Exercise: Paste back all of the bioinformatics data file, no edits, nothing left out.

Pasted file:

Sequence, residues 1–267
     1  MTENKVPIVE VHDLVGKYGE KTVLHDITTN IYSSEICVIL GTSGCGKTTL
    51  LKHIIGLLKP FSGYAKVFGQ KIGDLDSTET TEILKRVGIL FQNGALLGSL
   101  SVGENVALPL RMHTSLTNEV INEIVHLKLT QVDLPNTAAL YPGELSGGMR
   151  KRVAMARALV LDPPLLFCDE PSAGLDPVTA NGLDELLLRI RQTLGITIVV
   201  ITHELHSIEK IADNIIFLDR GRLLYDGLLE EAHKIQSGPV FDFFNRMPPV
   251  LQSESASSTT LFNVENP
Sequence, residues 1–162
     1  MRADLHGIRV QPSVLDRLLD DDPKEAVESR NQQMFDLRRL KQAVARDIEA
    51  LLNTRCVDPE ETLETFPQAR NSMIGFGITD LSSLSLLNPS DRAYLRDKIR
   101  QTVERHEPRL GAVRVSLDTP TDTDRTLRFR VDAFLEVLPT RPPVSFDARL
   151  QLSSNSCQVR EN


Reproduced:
Sequence, residues 1–267
     1  MTENKVPIVE VHDLVGKYGE KTVLHDITTN IYSSEICVIL GTSGCGKTTL
    51  LKHIIGLLKP FSGYAKVFGQ KIGDLDSTET TEILKRVGIL FQNGALLGSL
   101  SVGENVALPL RMHTSLTNEV INEIVHLKLT QVDLPNTAAL YPGELSGGMR
   151  KRVAMARALV LDPPLLFCDE PSAGLDPVTA NGLDELLLRI RQTLGITIVV
   201  ITHELHSIEK IADNIIFLDR GRLLYDGLLE EAHKIQSGPV FDFFNRMPPV
   251  LQSESASSTT LFNVENP
Sequence, residues 1–162
     1  MRADLHGIRV QPSVLDRLLD DDPKEAVESR NQQMFDLRRL KQAVARDIEA
    51  LLNTRCVDPE ETLETFPQAR NSMIGFGITD LSSLSLLNPS DRAYLRDKIR
   101  QTVERHEPRL GAVRVSLDTP TDTDRTLRFR VDAFLEVLPT RPPVSFDARL
   151  QLSSNSCQVR EN